Willie James Dorsey, a noted Buffalo musician and music teacher, died Sunday in Buffalo General Hospital after a brief illness. He was 79.
Born in Buffalo, he was a 1950 graduate of Fosdick-Masten Park High School and was one of six African-American students who broke the color barrier at Fredonia State Teachers College that September.
An article in the Fredonia Censor newspaper in 1950 declared that Mr. Dorsey was the most talented freshman to enter the college in 10 years, noting that he gave a recital on six instruments and sang in bass, baritone and tenor ranges.
After earning his bachelor's degree in music in 1954, he studied at the University of Tokyo, the University of Buffalo and Eastman School of Music. He served in the Air Force as a member of the Air Force Band.
Returning from service, he taught and led bands and choruses in the Buffalo schools, first at School 37, then at Riverside High School, Lafayette High School, South Park High School and East High School, retiring about 30 years ago.
In retirement, he and his wife owned and operated W&C Enterprises, which sold herbal products and African items at summer fairs and festivals.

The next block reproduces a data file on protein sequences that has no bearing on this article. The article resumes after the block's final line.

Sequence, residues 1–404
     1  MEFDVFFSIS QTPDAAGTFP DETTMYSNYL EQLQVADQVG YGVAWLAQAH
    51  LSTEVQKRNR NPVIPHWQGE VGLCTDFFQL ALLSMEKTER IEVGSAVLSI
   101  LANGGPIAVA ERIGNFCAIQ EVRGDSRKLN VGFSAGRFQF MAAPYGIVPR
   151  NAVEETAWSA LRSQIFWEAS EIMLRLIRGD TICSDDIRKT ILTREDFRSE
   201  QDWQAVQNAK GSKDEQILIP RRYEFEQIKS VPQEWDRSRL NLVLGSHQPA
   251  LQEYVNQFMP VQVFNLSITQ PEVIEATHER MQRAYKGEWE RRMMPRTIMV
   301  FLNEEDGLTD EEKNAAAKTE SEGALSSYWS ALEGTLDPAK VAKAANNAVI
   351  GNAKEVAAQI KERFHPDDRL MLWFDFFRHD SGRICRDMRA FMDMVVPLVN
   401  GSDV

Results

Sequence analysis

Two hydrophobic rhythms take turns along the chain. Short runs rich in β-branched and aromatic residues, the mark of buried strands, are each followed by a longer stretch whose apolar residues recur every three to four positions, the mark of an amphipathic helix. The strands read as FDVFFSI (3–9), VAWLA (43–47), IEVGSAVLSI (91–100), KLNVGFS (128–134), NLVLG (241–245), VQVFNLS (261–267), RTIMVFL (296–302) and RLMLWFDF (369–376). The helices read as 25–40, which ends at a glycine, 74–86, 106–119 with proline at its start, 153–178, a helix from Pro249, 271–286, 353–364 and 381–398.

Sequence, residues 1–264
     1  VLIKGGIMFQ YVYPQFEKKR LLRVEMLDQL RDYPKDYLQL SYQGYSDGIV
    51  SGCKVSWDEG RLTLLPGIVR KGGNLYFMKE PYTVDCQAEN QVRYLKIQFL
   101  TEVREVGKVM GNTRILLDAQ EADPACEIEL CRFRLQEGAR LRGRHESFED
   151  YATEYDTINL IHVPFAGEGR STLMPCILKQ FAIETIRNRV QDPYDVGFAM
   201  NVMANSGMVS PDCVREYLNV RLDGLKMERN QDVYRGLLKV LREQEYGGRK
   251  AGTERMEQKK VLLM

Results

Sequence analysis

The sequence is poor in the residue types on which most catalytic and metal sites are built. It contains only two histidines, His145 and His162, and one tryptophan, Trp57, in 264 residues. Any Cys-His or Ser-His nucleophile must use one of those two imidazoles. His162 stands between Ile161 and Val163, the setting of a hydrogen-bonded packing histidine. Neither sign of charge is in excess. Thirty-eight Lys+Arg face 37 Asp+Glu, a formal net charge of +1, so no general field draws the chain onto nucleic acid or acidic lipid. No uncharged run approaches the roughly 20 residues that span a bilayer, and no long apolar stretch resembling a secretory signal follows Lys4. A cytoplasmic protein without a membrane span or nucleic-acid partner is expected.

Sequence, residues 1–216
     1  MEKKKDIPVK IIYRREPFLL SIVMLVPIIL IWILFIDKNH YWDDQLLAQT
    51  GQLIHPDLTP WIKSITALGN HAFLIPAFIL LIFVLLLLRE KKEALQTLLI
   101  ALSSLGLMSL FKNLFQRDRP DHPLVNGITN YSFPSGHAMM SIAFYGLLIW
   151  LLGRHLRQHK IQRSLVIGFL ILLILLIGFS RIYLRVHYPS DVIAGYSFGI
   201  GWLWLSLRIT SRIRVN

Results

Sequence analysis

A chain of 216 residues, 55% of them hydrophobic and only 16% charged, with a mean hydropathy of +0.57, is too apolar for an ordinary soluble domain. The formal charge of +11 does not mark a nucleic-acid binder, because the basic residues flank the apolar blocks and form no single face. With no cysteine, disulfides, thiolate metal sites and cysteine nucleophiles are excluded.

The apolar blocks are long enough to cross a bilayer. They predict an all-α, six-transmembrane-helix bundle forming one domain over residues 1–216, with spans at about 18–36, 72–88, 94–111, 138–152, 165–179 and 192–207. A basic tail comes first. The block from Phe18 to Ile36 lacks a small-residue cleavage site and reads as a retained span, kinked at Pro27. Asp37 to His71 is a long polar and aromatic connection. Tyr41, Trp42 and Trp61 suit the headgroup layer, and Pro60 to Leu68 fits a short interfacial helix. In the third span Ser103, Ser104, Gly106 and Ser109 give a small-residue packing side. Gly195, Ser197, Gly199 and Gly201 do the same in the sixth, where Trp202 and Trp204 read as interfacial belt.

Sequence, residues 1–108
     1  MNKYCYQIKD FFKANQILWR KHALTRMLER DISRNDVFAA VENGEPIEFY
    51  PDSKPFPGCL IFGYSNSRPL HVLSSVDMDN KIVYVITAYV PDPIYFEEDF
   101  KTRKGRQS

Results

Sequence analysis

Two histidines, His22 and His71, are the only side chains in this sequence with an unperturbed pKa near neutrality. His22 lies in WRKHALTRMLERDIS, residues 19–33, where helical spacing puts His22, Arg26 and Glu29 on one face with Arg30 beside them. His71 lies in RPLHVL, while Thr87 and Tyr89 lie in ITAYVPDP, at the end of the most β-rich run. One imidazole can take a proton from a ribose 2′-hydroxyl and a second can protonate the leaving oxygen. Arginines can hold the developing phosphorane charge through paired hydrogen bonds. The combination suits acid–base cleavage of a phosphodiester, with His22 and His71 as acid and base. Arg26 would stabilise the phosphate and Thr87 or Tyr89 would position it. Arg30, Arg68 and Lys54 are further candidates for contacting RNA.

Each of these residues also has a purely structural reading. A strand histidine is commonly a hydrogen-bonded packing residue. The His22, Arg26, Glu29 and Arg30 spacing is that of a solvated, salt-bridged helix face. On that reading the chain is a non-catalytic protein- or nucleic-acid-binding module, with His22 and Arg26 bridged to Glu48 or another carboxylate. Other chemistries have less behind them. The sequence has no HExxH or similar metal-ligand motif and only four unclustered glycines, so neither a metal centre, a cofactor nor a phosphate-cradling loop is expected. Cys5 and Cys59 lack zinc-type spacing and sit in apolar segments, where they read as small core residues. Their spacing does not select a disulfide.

Mr. Dorsey began playing bass, piano and trombone as a youngster and performed at Buffalo's Colored Musicians Club while still in high school. He served on the club's board of directors for many years and was featured in a television documentary about the club.
An admirer of Duke Ellington, he used Ellington as an inspiration for the Last Word Jazz Researchers Big Band, of which he was the founding director. His group is scheduled to play next Thursday in the M&T Plaza Event Series.
He also played with many of the area's leading ensembles, including the CQ Price Band, the Buffalo Bills Band, the Orchard Park Symphony and the Cecil Johnson Orchestra.
A member of Lincoln Memorial United Methodist Church since 1940, he was its choir director and organist for more than 30 years. At one time, he also directed the Johnson Male Chorus, the Delaine Waring AME Church Choir and the Suburban Serenaders.
Mr. Dorsey was active in community affairs and the civil rights movement. He was vice chairman of the Dr. Martin Luther King Memorial Trust and helped organize celebrations of King's birthday and other public events. He received numerous music and service awards.
His wife of 16 years, Cynthia Marie Wilhite Dorsey, died in 2006.
Surviving are three sons, Kevin J., John L. Wilson and Anthony M. Washington; two daughters, Dara J. and Holly J. Pasquale; and three stepsons, Martin A. White, Richard A.
Tyree and Lawrence J. Payton.
Services will be at 11 a.m. Saturday in Lincoln Memorial United Methodist Church, 641 Masten Ave.